\[\frac{d}{d \mu} \ln L = 0 + 0 + \frac{\sum_{i = 1}^n 2(x_i - \mu)}{2 \sigma^2} = \frac{\sum_{i = 1}^n x_i - \mu}{\sigma^2} = 0\]From this, it follows that

\[\frac{1}{\sigma^2}[(x_1 + x_2 + \dots + x_n) - n \mu] = 0\]Rearranging this equation, we are able to obtain the final expression for the optimal parameter \(\mu\) that which maximizes the likelihood function:

\[\mu = \frac{\sum_{i = 1}^n x_i}{n} \tag{5}\]As part 2 of the trilogy, we can also do the same for the other parameter of interest in the normal distribution, namely the standard deviation denoted by \(\sigma\).

\[\frac{d}{d \sigma} \ln L = - \frac{n}{\sigma} + \frac{\sum_{i = 1}^n (x_i - \mu)^2}{\sigma^3} = 0\]We can simplify this equation by multiplying both sides by \(\sigma^3\). After a little bit of rearranging, we end up with

\[\sigma = \sqrt \frac{\sum_{i = 1}^n (x_i - \mu)^2}{n} \tag{6}\]Finally, we have obtained the parameter values for the mean and variance of a normal distribution that maximizes the likelihood of our data. Notice that, in the context of normal distributions, the ML parameters are simply the mean and standard deviation of the given data point, which closely aligns with our intuition: the normal distribution that best explains given data would have the sample mean and variance as its parameters, which is exactly what our result suggests. Beyond the specific context of normal distributions, however, MLE is generally very useful when trying to reconstruct or approximate the population distribution using observed data.

## In Code

Let’s wrap this up by performing a quick verification of our formula for maximum likelihood estimation for normal distributions. First, we need to prepare some random numbers that will serve as our supposed observed data.

```
import numpy as np
import matplotlib.pyplot as plt
np.random.seed(123)
num_list = np.random.randint(low=0, high=10, size=10).tolist()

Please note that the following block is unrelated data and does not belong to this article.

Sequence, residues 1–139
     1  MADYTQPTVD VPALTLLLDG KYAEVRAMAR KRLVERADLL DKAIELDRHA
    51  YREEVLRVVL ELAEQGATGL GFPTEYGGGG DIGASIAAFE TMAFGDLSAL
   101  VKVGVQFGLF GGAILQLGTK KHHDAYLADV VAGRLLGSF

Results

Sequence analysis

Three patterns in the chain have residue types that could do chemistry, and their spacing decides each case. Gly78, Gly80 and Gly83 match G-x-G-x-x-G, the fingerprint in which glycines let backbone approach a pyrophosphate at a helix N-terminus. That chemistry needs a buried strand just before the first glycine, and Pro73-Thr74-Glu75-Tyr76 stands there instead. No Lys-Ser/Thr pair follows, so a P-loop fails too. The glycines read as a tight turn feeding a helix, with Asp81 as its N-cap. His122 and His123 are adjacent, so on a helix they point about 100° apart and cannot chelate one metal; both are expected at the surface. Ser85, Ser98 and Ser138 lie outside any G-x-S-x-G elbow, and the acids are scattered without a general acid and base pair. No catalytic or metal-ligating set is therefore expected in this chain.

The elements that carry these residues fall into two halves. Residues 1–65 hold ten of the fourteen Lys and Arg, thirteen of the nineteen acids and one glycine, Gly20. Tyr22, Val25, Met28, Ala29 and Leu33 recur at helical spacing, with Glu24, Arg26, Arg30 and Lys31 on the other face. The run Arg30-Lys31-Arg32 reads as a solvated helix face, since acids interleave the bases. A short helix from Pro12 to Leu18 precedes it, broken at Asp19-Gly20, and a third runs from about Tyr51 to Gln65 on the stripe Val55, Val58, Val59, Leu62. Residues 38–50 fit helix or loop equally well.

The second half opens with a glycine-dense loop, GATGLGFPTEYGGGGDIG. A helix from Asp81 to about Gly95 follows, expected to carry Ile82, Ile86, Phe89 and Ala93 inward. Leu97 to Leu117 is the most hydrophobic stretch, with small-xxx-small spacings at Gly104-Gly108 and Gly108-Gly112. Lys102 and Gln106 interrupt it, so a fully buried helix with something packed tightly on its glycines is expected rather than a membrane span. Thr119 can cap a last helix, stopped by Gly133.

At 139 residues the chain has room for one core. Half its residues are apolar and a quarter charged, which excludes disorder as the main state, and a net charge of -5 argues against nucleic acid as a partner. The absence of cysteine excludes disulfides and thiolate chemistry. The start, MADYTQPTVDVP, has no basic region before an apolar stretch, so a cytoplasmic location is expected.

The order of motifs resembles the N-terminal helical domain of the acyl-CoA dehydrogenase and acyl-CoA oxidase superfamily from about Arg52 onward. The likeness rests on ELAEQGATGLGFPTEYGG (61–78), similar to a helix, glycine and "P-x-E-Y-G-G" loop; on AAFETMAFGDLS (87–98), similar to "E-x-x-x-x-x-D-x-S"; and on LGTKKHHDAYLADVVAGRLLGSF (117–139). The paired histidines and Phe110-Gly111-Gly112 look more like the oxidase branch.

```

We then calculate the optimum parameters \(\mu\) and \(\sigma\) by using the formulas we have derived in (5) and (6).

```
mu_best = np.mean(num_list)
sigma_best = np.std(num_list)
```

We then generate two subplots of the log likelihood function as expressed in (4), where we vary \(\mu\) while keeping \(\sigma\) at `sigma_best`

in one and flip this in the other. This can be achieved in the following manner.

```
n = len(num_list)
x_mu = np.linspace(1, 10, 10)
x_sigma = np.linspace(1, 10, 10)
y_mu = [-n/2 * np.log(2 * np.pi) - n * np.log(sigma_best) - 1/(2 * sigma_best**2) * np.sum((num_list - i)**2) for i in x_mu]
y_sigma = -n/2 * np.log(2 * np.pi)- n * np.log(x_sigma) - 1/(2 * x_sigma**2) * np.sum((num_list - mu_best)**2)
plt.style.use("seaborn")
fig, ax = plt.subplots(nrows=1, ncols=2, figsize=(5, 3))
ax[0].plot(x_mu, y_mu, color="skyblue")
ax[0].set(xlabel="$\\mu$",ylabel="Log Likelihood")
ax[0].axvline(mu_best, 0, 1, color="black", ls="--", lw=1)
ax[1].plot(x_sigma, y_sigma, color="skyblue")
ax[1].set(xlabel="$\\sigma$",ylabel="")
ax[1].axvline(sigma_best, 0, 1, color="black", ls="--", lw=1)
plt.tight_layout()
plt.show()
```

Executing this code block produces the figure below.

From the graph, we can see that the maximum occurs at the mean and standard deviation of the distribution as we expect. Combining these two results, we would expect the maximum likelihood distribution to follow \(N~(\mu, \sigma)\) where \(\mu\) = `mu_best`

and \(\sigma\) = `sigma_best`

in our code.

# Conclusion

And that concludes today’s article on (maximum) likelihood. This post was motivated from a rather simple thought that came to my mind while overhearing a conversation that happened at the PMO office. Despite the conceptual difference between probability and likelihood, people will continue to use employ these terms interchangeably in daily conversations. From a mathematician’s point of view, this might be unwelcome, but the vernacular rarely strictly aligns with academic lingua. In fact, it’s most often the reverse; when jargon or scholarly terms get diffused with everyday language, they often transform in meaning and usage. I presume words such as “likelihood” or “likely” fall into this criteria. All of this notwithstanding, I hope this post provided you with a better understanding of what likelihood is, and how it relates to other useful statistical concepts such as maximum likelihood estimation.

The topic for our next post is going to be Monte Carlo simulations and methods. If “Monte Carlo” just sounds cool to you, as it did to me when I first came across it, tune in again next week. Catch you up in the next one.